• extend the minimum duration using the following formula: 12 x 30/average weekly hours = new minimum duration in months.

3. Funding for apprentices with Special Educational Needs (SEN)

There are a range of different funding streams available to employers and apprenticeship providers to support people with a learning disability. Apprentices with SEN are eligible for the same funding for the core costs of their training as all other apprentices. Employers and apprenticeship providers may also be able to access the additional funds outlined below to support someone with a learning disability.

3.1 Learning Support Funding 

Learning Support Funding (LSF1) is paid at a rate of £150 per month to help providers make reasonable adjustments for an individual’s learning needs as part of their apprenticeship. LSF1 is provided via the Education and Skills Funding Agency (ESFA). To access LSF1 the provider must:

  • carry out an assessment to identify what support the apprentice needs;
  • deliver support and review the apprentice’s progress/continuing needs;
  • record and gather appropriate evidence to show that support has been given and relevant outcomes are recorded;
  • report in the ILR that the apprentice has a learning support need and what that support need is. 

3.2 Excess Learning Support 

If the cost of support exceeds the fixed monthly rate of £150, an apprenticeship provider can claim additional funding (up to £19,000 per apprentice) from the ESFA using the Earnings Adjustment Statement (EAS). The EAS can also be used to claim learning support funds when it is only required for one month and would not normally be paid due to timing issues. The EAS is submitted via the ‘Submit Learner Data’ portal in line with the normal ILR Data Return schedule.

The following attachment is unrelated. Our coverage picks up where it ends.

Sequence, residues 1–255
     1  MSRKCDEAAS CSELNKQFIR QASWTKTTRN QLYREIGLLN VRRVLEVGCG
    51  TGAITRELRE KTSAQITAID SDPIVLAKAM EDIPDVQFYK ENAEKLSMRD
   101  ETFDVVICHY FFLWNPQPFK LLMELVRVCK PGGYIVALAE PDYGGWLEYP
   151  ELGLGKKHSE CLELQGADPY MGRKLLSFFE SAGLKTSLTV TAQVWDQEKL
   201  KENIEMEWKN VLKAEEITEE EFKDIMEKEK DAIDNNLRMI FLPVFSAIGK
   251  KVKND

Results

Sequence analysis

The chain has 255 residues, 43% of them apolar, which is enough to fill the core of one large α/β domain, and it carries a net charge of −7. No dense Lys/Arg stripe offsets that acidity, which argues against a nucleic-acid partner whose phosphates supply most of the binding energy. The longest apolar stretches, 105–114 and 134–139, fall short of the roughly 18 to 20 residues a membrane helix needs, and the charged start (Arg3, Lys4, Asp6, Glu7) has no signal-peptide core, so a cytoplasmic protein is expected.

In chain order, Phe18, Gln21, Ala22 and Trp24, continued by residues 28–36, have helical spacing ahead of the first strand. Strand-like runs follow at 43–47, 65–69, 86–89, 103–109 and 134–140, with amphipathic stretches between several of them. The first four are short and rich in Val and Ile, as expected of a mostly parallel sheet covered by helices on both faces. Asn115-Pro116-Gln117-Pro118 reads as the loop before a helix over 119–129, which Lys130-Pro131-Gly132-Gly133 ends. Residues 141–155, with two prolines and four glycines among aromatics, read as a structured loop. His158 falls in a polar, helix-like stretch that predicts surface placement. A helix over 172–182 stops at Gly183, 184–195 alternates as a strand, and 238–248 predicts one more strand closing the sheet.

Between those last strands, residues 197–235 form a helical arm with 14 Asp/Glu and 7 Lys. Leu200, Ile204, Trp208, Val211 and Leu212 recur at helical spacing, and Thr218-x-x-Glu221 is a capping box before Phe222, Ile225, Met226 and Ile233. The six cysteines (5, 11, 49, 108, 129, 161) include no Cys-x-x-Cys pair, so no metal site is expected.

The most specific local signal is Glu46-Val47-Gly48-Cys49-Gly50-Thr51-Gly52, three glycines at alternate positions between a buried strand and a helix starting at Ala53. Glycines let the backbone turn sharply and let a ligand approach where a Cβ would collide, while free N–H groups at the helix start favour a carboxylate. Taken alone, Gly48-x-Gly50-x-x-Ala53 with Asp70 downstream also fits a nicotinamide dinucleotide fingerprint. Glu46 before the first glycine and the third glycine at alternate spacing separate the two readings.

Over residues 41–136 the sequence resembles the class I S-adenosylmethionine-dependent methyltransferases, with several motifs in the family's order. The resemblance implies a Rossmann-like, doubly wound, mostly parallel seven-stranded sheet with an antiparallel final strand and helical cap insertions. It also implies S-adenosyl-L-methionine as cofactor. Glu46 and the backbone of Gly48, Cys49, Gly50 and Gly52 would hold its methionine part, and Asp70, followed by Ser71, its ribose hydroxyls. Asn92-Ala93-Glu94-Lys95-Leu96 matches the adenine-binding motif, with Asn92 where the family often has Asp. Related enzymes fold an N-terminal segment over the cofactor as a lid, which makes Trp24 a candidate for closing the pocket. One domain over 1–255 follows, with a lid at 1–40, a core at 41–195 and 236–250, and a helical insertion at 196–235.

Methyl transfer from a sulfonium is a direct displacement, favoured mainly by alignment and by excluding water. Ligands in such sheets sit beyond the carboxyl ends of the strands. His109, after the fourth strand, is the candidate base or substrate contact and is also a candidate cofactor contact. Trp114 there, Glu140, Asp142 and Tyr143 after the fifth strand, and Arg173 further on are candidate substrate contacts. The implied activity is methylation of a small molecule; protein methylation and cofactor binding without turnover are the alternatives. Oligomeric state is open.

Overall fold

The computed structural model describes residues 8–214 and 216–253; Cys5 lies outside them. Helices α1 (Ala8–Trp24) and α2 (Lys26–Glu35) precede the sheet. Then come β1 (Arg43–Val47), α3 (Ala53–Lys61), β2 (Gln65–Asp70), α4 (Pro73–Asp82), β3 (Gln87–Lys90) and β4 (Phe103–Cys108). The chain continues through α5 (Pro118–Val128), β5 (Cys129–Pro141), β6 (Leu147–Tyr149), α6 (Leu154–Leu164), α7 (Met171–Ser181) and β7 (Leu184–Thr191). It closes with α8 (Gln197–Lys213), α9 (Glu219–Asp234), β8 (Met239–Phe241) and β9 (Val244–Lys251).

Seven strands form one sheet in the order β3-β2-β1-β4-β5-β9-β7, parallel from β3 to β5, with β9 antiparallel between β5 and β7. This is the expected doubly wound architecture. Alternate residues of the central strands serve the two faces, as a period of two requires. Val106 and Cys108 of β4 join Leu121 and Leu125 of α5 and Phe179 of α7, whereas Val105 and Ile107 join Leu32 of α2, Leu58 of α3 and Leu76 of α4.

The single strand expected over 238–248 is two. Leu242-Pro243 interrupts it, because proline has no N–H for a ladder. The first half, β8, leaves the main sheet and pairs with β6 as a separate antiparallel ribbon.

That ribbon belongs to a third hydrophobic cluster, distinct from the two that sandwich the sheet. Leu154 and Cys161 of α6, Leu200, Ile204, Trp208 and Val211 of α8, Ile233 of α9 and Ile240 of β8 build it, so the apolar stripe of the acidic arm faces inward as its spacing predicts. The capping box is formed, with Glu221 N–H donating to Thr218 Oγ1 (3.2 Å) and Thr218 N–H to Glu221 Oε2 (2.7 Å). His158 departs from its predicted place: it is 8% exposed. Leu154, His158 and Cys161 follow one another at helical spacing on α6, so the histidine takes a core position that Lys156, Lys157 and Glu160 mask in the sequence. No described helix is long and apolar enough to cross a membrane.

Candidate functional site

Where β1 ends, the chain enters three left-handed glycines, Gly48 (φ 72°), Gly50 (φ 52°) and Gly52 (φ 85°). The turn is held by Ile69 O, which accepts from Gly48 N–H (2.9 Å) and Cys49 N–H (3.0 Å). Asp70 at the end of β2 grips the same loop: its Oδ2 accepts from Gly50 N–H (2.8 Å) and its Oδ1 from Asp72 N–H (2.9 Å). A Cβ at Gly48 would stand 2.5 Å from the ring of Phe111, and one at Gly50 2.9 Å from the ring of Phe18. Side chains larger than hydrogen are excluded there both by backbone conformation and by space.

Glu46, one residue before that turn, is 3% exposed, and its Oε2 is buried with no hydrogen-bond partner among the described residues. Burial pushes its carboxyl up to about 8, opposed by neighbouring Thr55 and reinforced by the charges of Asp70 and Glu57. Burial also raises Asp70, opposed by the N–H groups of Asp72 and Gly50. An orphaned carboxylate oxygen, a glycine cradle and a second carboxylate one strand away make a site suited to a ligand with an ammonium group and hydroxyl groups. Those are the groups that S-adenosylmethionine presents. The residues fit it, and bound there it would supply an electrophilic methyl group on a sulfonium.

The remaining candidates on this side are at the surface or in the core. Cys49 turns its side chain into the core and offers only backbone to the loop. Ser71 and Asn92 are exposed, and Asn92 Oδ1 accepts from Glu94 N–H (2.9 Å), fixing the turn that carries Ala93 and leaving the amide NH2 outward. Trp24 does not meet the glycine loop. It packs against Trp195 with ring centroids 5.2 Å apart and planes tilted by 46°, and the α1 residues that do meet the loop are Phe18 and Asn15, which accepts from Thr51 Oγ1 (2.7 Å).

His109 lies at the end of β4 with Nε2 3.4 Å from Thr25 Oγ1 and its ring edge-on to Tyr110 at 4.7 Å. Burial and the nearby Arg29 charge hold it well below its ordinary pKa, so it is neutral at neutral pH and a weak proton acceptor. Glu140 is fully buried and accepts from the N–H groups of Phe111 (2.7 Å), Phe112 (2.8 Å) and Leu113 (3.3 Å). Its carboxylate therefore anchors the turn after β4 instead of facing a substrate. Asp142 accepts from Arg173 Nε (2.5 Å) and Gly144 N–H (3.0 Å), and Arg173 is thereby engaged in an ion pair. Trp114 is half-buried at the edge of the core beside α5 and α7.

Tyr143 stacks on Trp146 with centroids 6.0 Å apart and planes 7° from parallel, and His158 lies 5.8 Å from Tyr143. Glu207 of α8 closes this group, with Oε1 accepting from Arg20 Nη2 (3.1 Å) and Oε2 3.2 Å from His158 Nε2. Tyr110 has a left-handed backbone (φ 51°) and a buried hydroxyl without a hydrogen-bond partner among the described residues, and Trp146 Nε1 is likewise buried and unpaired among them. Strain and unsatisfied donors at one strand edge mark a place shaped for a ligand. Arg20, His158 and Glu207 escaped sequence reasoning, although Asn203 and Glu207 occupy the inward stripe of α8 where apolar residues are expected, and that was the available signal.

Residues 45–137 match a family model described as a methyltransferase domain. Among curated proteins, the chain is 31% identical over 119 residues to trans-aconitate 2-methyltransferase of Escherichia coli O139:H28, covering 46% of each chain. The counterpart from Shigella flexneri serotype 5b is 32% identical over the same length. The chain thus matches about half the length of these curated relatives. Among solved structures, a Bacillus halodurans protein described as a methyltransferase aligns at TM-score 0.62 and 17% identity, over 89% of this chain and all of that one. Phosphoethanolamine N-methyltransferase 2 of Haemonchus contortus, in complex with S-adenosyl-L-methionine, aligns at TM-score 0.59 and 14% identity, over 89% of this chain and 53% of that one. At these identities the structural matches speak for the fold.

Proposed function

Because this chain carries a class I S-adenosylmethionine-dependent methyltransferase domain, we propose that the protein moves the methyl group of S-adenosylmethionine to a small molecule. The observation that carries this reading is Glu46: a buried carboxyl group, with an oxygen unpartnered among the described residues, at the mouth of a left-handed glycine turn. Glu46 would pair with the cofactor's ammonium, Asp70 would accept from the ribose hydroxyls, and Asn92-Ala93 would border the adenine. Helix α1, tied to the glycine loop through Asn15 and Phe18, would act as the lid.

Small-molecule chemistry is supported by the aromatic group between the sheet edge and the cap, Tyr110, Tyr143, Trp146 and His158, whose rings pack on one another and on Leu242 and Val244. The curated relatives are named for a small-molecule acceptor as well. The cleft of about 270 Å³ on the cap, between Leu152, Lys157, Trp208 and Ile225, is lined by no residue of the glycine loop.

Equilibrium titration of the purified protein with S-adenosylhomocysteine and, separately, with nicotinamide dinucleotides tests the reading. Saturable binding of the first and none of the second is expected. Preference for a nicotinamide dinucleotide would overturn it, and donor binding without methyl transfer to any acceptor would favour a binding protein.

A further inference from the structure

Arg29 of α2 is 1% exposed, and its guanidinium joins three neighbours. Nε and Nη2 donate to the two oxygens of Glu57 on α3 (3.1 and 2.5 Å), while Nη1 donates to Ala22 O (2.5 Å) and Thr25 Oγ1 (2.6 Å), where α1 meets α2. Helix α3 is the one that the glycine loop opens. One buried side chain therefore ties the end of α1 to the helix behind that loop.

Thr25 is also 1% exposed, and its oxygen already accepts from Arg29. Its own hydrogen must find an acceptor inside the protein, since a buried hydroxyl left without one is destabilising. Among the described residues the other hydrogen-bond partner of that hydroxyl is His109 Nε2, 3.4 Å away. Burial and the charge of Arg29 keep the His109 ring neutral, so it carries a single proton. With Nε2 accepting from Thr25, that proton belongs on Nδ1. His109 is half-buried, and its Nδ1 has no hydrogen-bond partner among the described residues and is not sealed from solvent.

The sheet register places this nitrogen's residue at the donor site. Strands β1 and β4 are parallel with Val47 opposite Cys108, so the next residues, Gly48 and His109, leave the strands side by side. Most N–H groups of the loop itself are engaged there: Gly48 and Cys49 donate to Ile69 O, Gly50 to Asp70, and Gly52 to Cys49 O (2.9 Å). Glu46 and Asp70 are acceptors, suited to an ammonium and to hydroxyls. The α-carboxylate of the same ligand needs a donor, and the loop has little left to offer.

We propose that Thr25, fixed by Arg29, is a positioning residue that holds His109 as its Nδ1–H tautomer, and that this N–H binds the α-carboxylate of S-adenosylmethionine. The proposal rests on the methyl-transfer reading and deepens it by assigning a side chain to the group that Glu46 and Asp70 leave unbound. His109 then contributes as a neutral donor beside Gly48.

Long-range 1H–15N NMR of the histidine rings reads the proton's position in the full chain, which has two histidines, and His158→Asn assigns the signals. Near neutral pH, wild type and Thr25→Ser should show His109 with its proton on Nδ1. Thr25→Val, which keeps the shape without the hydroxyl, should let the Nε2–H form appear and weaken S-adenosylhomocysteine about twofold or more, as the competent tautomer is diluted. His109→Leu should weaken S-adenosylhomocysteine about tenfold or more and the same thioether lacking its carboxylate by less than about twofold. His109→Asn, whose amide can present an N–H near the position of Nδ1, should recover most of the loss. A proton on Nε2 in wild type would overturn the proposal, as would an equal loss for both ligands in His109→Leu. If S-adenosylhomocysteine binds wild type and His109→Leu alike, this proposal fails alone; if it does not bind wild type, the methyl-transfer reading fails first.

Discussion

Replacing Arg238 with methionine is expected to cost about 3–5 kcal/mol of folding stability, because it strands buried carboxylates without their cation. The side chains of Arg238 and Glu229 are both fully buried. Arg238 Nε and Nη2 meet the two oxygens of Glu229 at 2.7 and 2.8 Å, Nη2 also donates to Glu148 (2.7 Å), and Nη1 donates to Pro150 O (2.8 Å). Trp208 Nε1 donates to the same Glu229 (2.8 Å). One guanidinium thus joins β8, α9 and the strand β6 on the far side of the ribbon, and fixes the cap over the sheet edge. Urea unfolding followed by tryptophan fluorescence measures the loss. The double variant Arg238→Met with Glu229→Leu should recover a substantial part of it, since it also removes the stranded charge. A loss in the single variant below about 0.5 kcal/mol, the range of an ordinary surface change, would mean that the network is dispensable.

If the cost of providing additional support exceeds £19,000, the provider can apply for Exceptional Learning Support from the ESFA, which is reviewed on an individual basis. This includes:

  • learners aged 19 and over with an identified learning difficulty and/or disability (LDD) without an Education, Health and Care (EHC) plan
  • all age apprentices that have an identified LDD and are with or without an EHC plan
  • advanced loans-funded learners with an identified LDD without an EHC plan (as part of the advanced learner loans bursary fund).

3.3 Additional funding for young apprentices with an EHC plan 

Additional payments of £1000 are available for providers and employers with apprentices aged 19-24 who have an Education, Health and Care (EHC) Plan or were previously in care. 
Employers can, but are not obliged to, donate their £1000 to the training provider.

3.4 Access to Work 

Access to Work is a discretionary government (DWP) scheme that helps pay for workplace adjustments, such as a job coach. It can also help with extra employment costs that result from a person’s disability. This can include a workplace assessment, Mental Health Support Service assistance or a contribution towards specialist aids or equipment that might be required in the workplace. Access to Work covers adjustments made in addition to an employer’s reasonable adjustments obligations as part of the Equality Act 2010.

For further information, please see Fact sheet 6.

3.5 Extra support for small employers (relevant to learning disability)

The government recently changed the way it is supporting smaller employers to take on apprentices. If an employer employs less than 50 people, the government will fund 100% of apprenticeship training costs, up to the maximum value of the funding band for the apprenticeship, and waive the employer contribution. To be eligible, on the first day of their apprenticeship the apprentice must be: 

  • between 16 and 18 years old (or 15 years old if the apprentice’s 16th birthday is between the last 
  • Friday of June and 31 August); or 
  • between 19 and 24 years old and have an EHC plan provided by their local authority.

Before any apprenticeship starts, the employer must have evidence that the apprentice and the employer are eligible for waiving the employer contribution. The employer must provide evidence that they employed an average of 49 or fewer employees in the 365 days before the apprentice was recruited, and must give this to the main apprenticeship provider to keep in the evidence pack.